The Astor House is yet another affordable housing building on the North Side now lost to renovation. Like several other properties in the area, it is assumed by supporters and tenants that the new owner is BJB Properties. However, the building’s manager, Leon Martinez, promptly denied this when StreetWise visited his office downstairs. He refused to comment further.
A quick tour through Astor House and the studio and one-room apartments of protesters reveals burn marks, mold, and broken or cracked ceilings. Tenants said elevators break down weekly and heat and electricity are insufficient; there are mice, cockroaches and bed bugs.
Geoffrey Rowe, a current Astor House tenant, represents the situation of displacement for many lower-income people living in the North Side. Eight months ago he was forced out of the Norman when it too was sold and then renovated. Now he believes he’s going to have to move again after the remaining two months on his lease have ended.
“I don’t see why if I pay my rent I gotta move,” Rowe said. He thinks he’ll likely end up living on the West Side or South Side.
The Chateau Hotel, 3838 N. Broadway, has been another continuing saga of low-income tenants and activists fighting to remain in their homes. Most recently, according to Chateau resident and Lakeview Action Coalition leader Elizabeth Hartline, the remaining 68 tenants of the hotel have all received eviction notices.
Hartline had her first court date on March 27. Others were scheduled to have theirs throughout the first week of April. Because she was one of those who could get an attorney, Hartline believes she’ll be able to stay in the Chateau for another two to four months, giving her time to search for other affordable options.
Hartline suggests a solution to the loss of affordable housing in the North Side: “A good balance would be to fix the building, and then sit down with the tenants, sit down with your alderman, work out how to keep the building low-income or base it on income level.” This would “help the community: Keep it diverse. Keep it organized. And you’d still be helping the tenants.”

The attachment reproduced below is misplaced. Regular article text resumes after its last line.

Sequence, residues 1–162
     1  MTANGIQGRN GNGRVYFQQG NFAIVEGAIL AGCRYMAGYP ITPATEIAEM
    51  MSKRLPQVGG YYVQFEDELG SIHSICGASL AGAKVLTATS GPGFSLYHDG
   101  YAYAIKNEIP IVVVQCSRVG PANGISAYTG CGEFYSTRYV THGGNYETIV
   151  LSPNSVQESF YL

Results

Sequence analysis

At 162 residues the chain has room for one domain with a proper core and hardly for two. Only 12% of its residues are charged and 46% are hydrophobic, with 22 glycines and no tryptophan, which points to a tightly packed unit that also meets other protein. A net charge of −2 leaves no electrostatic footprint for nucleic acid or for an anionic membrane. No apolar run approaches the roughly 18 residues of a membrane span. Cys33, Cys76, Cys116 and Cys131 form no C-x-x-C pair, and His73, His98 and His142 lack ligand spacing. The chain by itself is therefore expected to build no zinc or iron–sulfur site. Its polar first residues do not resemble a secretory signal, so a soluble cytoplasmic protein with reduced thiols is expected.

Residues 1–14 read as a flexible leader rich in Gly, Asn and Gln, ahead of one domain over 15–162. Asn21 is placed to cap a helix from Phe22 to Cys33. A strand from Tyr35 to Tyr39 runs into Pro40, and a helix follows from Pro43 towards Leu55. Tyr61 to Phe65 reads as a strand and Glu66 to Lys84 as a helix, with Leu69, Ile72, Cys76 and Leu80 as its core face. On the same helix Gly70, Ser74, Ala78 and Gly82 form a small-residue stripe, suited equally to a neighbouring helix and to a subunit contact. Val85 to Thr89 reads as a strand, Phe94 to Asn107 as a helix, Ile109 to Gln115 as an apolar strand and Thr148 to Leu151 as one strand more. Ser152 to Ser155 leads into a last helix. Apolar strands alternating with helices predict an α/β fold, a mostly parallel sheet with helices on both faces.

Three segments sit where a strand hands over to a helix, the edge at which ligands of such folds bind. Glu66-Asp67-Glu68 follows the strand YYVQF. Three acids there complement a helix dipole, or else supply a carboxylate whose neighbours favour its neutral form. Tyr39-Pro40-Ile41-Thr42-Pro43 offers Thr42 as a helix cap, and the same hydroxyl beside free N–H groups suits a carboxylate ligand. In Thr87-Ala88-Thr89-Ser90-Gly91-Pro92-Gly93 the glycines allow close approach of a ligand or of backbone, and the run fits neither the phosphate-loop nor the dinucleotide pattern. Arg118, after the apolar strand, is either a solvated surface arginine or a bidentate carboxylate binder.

BJB Properties was also reputed to be the new owner of the Chateau Hotel. This, however, cannot be confirmed because the owner has not come forward and no permits have been filed. Tressa Feher, chief of staff to Ald. James Cappleman (46th ward) told StreetWise March 20 that the owner is 3838 Broadway, which the alderman did not know until the owner’s lawyer called to identify them.
The Communities United Against Foreclosure and Eviction group turned its attention to the South Side March 29 with a protest outside Metrobank at 1800 S. Halsted in support of residents of a foreclosed property at 1140 W. 18th St. Other groups joining them were Occupy El Barrio and Pilsen Environmental Rights and Reform Organization (PERRO).
“PERRO stands in solidarity with those fighting against evictions and those fighting against gentrification in our community,” said Jerry Mead-Lucero of PERRO.
In prepared materials, tenants of the four-story 1880s red stone building said they were requesting a meeting with bank officials to get them to drop eviction proceedings. The nine residents of the six apartments also want the bank to work with them on repairs to plumbing, wiring and hot water so they could stay there at affordable rents.
Fancy Muzereus, who has lived at 1140 W. 18th St. for five months, said she was served with a 90-day eviction notice January 17 that will expire April 17. She said she paid $650 monthly rent until November, when the tenants went on rent strike because a property management company that took over for the bank had been unresponsive on repairs. She has been unable to find similarly affordable housing.
Mike Koz said he has paid rent but his checks have not been processed. In March Koz received an eviction notice saying he must be out in June.
According to Chicago.dailyherald.il-foreclosure.com, the 1140 W. 18th St. property went into foreclosure Feb. 8, 2011 and was sold as an REO to Metrobank June 18, 2012. It is listed on homes.com for $359,000.
StreetWise was prevented from entering the bank after the rally to seek comment, although an official later called with a phone number for Metrobank’s marketing and public relations department. Several calls to that number over a week’s time were not returned.
By Suzanne Hanney & Ethan Ross
StreetWise Editor-In-Chief & Editorial Intern